2020 and the first part of 2021 will go down as among the most challenging years ever for business. From wildly fluctuating customer demand to pressures to slash budgets, the trials just keep coming.
The summer can offer downtime for organizations to step back and reboot their work. For example, many higher-education institutions use the summer to plan for the fall semester and try to figure out how to come back from the upheaval. In order to recover from these difficult times, businesses should focus not only on ways to regain lost revenue, but also revive five basic, human-centered skills that are sometimes taken for granted.
Skill 1: Empathy
The ability to sense other people’s emotions and imagine what someone else might be thinking or feeling has never been more important, especially in the workplace. Whether your employees are returning to work after a year at home or have been working in the office throughout the pandemic, they all are experiencing intense emotions that can interfere with productivity.
Because true empathy comes naturally to only some people, it’s vital that the skill be inculcated throughout an entire organization, which requires discipline and support. The payoff, however, is immense because empathy:
- Has been directly tied to business success. In the 2021 State of Workplace Empathy Report, 84% of CEOs reported that empathy drives better business outcomes. It also helps to engage, attract and retain the best talent.
- Breaks down communications barriers. When people actively try to understand what someone is saying, as well as the emotional context of the speaker’s words, communication improves.
- Can smooth over technological rough spots. The explosion of virtual education and the remote workforce make it difficult to pick up on nonverbal communication. Empathy can be a bridge that spans the gap. People tend to be more forgiving of the foibles that come with remote connection when they are empathetic.
Skill 2: Agility
An agile mindset empowers individuals, departments and entire institutions to operate with a focus on adaptation, which can reduce stress brought on by change.
Developing an agile mindset is easiest with the right tools. For example, employee self-scheduling—a growing management tool in healthcare and hospitality—enables those who manage hourly or shift workers to easily and quickly plan for changes in workloads while empowering workers to gain more control over their schedules.
In a self-scheduling model, a manager plans what shifts need to be filled and the requirements necessary to make those shifts work, like overtime caps or required certifications. Employees can then claim the hours they want rather than having a manager assign them. When they need to swap a shift with a coworker, they can easily do so within the shift structure. This management approach enhances agility by:
- Freeing up the scheduling manager’s time.
- Providing a top-level view of work that needs to be done instead of getting lost in the weeds when managers are required to hammer out every detail of every shift.
- Giving employees a voice and a way to better manage their lives.
Skill 3: Resiliency
Also known as mental toughness or grit, resilience must be cultivated and practiced with intention. When modeled by leadership, resiliency can spread throughout departments and entire institutions. When it becomes part of organizational culture, resilience:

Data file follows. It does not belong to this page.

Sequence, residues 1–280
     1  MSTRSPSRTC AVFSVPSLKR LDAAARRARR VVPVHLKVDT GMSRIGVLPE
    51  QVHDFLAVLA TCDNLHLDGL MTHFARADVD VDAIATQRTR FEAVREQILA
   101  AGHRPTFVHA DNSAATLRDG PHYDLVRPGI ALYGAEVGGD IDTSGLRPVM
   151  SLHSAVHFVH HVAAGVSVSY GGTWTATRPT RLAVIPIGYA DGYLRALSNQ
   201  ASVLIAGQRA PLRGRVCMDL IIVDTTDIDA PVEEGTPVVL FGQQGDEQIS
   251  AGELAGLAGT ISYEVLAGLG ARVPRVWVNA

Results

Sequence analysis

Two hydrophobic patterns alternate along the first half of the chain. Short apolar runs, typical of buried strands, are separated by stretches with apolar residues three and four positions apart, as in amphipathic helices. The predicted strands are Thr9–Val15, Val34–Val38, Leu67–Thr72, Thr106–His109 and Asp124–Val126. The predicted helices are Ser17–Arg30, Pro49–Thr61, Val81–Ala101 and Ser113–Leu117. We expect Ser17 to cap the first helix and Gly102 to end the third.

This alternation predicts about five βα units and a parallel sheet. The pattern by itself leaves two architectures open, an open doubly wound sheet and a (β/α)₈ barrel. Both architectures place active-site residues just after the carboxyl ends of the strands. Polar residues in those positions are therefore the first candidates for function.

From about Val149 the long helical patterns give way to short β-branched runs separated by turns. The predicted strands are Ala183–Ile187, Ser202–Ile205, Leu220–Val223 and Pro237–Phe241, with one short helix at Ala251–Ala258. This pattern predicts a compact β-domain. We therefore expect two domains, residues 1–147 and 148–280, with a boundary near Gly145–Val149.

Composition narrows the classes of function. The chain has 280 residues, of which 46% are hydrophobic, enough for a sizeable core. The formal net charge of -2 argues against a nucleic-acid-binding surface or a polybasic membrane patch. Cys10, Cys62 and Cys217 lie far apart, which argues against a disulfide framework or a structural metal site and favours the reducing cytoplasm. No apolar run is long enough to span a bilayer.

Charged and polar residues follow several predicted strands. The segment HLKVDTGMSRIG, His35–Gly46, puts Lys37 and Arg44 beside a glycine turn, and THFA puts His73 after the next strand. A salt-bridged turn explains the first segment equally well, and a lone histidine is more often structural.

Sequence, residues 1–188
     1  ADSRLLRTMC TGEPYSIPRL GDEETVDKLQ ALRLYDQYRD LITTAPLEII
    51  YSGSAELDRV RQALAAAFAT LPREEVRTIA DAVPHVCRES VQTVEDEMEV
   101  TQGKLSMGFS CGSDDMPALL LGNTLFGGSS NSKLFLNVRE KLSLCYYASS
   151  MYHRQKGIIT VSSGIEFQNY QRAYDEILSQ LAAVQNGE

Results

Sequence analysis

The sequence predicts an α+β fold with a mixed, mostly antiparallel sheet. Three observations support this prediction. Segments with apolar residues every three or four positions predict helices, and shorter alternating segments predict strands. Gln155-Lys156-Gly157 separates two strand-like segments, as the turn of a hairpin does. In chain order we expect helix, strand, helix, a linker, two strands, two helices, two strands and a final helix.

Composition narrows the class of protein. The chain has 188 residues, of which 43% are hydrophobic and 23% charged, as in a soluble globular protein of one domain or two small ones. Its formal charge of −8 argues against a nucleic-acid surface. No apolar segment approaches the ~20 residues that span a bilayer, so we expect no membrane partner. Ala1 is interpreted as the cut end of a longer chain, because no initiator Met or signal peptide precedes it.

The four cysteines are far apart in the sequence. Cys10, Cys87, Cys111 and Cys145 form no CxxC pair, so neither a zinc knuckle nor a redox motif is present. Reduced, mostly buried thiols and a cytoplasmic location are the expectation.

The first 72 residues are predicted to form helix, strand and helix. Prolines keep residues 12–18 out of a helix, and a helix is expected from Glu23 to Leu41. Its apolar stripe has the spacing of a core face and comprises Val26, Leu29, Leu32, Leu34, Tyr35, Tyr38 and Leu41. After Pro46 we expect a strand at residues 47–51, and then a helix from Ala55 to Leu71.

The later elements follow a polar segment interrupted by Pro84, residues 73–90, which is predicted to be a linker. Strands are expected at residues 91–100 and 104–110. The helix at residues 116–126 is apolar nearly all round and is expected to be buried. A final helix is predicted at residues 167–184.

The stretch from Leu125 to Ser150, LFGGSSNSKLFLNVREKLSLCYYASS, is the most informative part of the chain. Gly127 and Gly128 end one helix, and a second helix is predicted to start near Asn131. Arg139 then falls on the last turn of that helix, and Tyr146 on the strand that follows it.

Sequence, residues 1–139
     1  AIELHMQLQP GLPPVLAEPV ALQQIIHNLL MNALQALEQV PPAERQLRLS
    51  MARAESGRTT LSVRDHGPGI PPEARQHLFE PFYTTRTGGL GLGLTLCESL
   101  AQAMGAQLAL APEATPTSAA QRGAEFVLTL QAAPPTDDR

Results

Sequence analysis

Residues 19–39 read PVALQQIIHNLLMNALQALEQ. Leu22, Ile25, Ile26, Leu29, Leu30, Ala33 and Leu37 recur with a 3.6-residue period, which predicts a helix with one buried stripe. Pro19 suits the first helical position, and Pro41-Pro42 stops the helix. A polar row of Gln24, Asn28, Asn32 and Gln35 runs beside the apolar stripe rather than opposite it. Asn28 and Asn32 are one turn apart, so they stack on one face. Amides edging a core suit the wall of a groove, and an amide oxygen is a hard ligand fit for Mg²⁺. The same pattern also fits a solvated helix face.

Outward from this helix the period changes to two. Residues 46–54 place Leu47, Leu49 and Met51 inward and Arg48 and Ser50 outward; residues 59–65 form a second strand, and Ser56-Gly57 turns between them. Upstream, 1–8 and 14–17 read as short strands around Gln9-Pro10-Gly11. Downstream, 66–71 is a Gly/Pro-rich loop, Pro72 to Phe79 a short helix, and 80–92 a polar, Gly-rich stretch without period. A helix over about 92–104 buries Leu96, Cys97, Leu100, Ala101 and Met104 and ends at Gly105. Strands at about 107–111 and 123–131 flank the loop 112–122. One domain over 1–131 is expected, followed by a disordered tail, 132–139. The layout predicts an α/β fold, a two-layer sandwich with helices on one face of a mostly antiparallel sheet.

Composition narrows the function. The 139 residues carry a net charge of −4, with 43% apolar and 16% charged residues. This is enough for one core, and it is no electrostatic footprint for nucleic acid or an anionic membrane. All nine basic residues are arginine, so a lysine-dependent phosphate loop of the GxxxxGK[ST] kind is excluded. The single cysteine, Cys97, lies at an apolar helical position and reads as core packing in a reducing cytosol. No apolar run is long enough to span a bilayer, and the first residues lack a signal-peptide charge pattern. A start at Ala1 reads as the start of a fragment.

- Enables people to view change as a growth opportunity instead of a threat.
- Encourages people to understand that not everything is within their control, allowing them to focus on what they can control.
- Can help spread optimism during challenging times.
Developing resilience within an organization requires not only empathy and agility, but also a positive mindset and management systems that foster flexibility.
Skill 4: Simplicity
The more uncertain the future, the simpler the path forward must be. Tools, systems and policies that involve complicated procedures or moving parts get in the way when unpredictability runs rampant. Move toward simplicity by:
- Paring things down to their most basic elements. When times are static, it’s easy to add bloat to how work is performed. In times of change or crisis, however, an institution’s survival can depend on getting the essentials accomplished quickly and thoroughly before moving on to anything else.
- Finding paths of least resistance. What tasks, tools or procedures will be easiest for a diverse staff to perform, learn or understand?
- Balancing necessary policies. Some policies, of course, are required by law or institutional rules. However, it’s possible to make some changes and achieve the same intended result. For example, implementing a bring-your-own device policy could solve the problem of having to purchase and maintain tech equipment for your staff.
Skill 5: Creativity
Creativity is born of simplicity. When unnecessary complexity is removed from operations, creativity:
- Becomes habit. As staff exercises creative problem-solving skills, they will come up with solutions faster and more frequently.
- Helps people embrace change instead of fearing it.
- Empowers employees and managers to identify longer-term solutions and strategies that enable growth, rather than relying on short-term survival tactics.
Change has always been with us, and so many industries have proven their adaptability and ability to survive during the past year. By turning to basic human-centered skills that have a direct impact on operations, leaders can fuel an engine of not only survival, but growth in the year ahead.
Chad Halvorson is the founder and chief experience officer of When I Work, a market leader in workforce management for shift-based workplaces that provides a fully integrated scheduling, time tracking, and team messaging solution to nearly 200,000 workplaces.